s

Flymen Blog

The Art of Stripping Streamers: Fly Fishing Tactics

You have the fishing reports, a spanking new streamer outfit, and a leave pass to go chase some predators.

Your fly boxes are crammed full after hours watching videos while tying at the vise — heck, you probably know more about Brian Wise’s hands at this stage than his wife does.

Flies, lines, and water are all essential tools, but it's not going to work out if you can’t make those bugs swim.

When the Flymen crew asked me to work up another streamer piece for the blog I went back to my 2016 article, “Beyond Banging The Banks”. What we didn’t cover was how to make that fly swim when it hits the water. Consider this Chapter 2.

Trout Fly Fishing: 3 Bad Habits to Break

As a trout guide I like to think that there are no mistakes in fly fishing, rather there are learning opportunities — lots and lots of learning opportunities.

With each client I try to place an emphasis on proving yourself wrong, and by that I mean, take some rule/tactic/method and try to disprove it. After all, how many times have you done what was considered to be wrong and yet still caught a fish?

Habits on the other hand, are another story. Unlike mistakes, habits — especially a certain few — can be detrimental to catching trout. I'm going to address three of the worst habits I see on the water and how you can go about improving your habits to catch more trout.

11 Questions with Blane Chocklett

Blane Chocklett truly eats, breathes, and sleeps fly fishing.

For those of us who fly fish, Blane is living the dream. One of the fly fishing industry's most forward-thinking and innovative anglers, Blane pioneered the Game Changer style of fly design, co-developing the Articulated Fish-Spine with Flymen Fishing Co., and has been a major catalyst behind the rise of big game fly fishing in the last decade.

We recently had the chance to interview Blane on the banks of the French Broad River in Western North Carolina. This resulted in an insightful look at fly fishing, community, and life from a man who continues to impress us all with his creativity and willingness to push the limits of fly tying and fishing.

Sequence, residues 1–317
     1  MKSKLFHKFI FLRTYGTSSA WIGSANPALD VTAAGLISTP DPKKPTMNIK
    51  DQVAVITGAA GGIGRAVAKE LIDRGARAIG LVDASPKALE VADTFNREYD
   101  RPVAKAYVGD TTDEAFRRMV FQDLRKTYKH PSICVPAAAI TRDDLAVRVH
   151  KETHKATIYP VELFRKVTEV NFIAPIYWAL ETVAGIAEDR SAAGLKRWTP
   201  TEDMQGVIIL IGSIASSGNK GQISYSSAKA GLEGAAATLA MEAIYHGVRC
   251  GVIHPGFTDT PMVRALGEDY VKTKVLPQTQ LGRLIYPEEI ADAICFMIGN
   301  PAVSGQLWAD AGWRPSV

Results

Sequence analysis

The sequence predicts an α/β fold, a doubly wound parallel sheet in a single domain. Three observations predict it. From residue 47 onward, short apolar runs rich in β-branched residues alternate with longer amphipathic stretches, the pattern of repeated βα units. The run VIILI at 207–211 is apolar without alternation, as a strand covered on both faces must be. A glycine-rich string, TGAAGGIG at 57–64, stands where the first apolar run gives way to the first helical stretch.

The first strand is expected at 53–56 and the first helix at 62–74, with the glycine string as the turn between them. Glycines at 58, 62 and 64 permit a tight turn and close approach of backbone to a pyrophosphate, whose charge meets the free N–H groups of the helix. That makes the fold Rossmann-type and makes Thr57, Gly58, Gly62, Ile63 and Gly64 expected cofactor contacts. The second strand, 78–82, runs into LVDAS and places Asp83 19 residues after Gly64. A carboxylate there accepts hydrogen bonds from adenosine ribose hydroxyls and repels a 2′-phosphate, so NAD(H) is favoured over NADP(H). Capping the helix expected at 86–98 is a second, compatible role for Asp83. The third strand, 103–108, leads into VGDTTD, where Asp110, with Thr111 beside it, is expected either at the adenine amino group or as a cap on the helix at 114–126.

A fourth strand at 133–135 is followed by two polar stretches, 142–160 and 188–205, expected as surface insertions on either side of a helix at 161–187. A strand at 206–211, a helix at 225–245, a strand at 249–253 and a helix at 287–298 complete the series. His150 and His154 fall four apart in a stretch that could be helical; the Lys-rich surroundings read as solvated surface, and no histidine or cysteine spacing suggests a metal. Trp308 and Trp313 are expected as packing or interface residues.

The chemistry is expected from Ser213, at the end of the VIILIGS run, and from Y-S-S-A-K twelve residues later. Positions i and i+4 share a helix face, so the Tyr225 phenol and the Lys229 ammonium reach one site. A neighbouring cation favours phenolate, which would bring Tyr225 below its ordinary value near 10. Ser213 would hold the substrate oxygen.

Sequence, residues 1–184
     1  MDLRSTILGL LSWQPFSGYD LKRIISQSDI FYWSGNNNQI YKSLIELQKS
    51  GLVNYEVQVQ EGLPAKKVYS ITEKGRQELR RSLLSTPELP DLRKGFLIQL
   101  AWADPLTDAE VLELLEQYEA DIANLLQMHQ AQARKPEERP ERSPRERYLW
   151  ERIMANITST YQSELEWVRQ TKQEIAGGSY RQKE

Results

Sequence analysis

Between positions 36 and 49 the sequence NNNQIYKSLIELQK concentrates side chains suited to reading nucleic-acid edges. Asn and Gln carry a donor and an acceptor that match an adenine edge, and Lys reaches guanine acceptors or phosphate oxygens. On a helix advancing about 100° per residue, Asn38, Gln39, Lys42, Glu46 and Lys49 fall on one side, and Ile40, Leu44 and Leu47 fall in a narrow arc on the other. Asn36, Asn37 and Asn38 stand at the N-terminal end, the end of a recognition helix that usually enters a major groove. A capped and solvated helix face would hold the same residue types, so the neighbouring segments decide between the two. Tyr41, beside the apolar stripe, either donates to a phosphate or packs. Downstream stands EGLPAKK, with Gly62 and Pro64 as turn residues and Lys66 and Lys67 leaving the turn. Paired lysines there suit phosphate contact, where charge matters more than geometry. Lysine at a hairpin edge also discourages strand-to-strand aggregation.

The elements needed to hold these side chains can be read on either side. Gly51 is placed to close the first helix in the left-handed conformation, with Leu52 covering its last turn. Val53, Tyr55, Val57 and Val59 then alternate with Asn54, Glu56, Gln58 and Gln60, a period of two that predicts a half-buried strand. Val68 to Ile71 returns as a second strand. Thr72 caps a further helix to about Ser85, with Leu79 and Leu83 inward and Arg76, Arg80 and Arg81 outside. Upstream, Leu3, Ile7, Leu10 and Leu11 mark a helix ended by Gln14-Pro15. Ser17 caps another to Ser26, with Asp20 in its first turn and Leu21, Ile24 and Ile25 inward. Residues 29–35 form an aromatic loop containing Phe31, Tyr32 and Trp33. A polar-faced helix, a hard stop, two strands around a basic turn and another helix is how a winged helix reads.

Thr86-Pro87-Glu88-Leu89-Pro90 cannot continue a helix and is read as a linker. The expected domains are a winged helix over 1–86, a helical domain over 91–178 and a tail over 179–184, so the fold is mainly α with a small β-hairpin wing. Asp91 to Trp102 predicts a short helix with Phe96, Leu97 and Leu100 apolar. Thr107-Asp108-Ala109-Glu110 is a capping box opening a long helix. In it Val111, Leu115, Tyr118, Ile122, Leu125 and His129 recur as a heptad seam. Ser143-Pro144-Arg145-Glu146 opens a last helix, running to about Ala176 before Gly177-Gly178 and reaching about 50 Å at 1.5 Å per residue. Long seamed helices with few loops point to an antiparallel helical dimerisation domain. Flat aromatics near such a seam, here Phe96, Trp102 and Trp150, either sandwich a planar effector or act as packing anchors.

Fly Selection: How to Choose the Right Streamer Color for Any Fishing Situation

How Do You Decide Which Streamer Color to Fish With? Choosing the right color for your streamers based on the kind of water, depth, and brightness of the day is quite important in fly fishing. Like many casting or spinning anglers do with their lures, we must tie our fly patterns...

Continue reading

Fly Tying Video: The Shrimp & Cray Tail Faux Shrimp



Learn to tie this next-generation shrimp fly pattern

Best fished on either floating or intermediate lines targeting redfish, bonefish, snook, permit, and the occasional tarpon, the Shrimp & Cray Tail Faux Shrimp leans more toward medium water as it gets deep fast thanks to the Fish-Skull Shrimp & Cray Tail. When sight fishing, lead the fish and once the fish turns, make short strips until you come tight.

Temperate Bass Flies: How to Diversify Your Fly Box

Over the last few years I've spent the majority of my fishing time chasing whites, hybrids, and the occasional striper around the Midwest.

While the Clouser Minnow is the staple fly for most temperate bass, sometimes you've got to shake things up a bit. The Clouser would be the equivalent of a Hare’s Ear nymph in the trout world; you can almost always get fish to eat it, but it may not be the most productive at that given time. Consider it like Sex Panther Cologne: “60% of the time it works every time." With that being said, I would never go on a white/hybrid bass fishing trip without a box of Clousers.

Fly tyers before us had to work hard to get the most out of their feathers and hair, but with new fly tying materials readily available in today's market we have the ability to alter the action and profile of the fly relatively easily.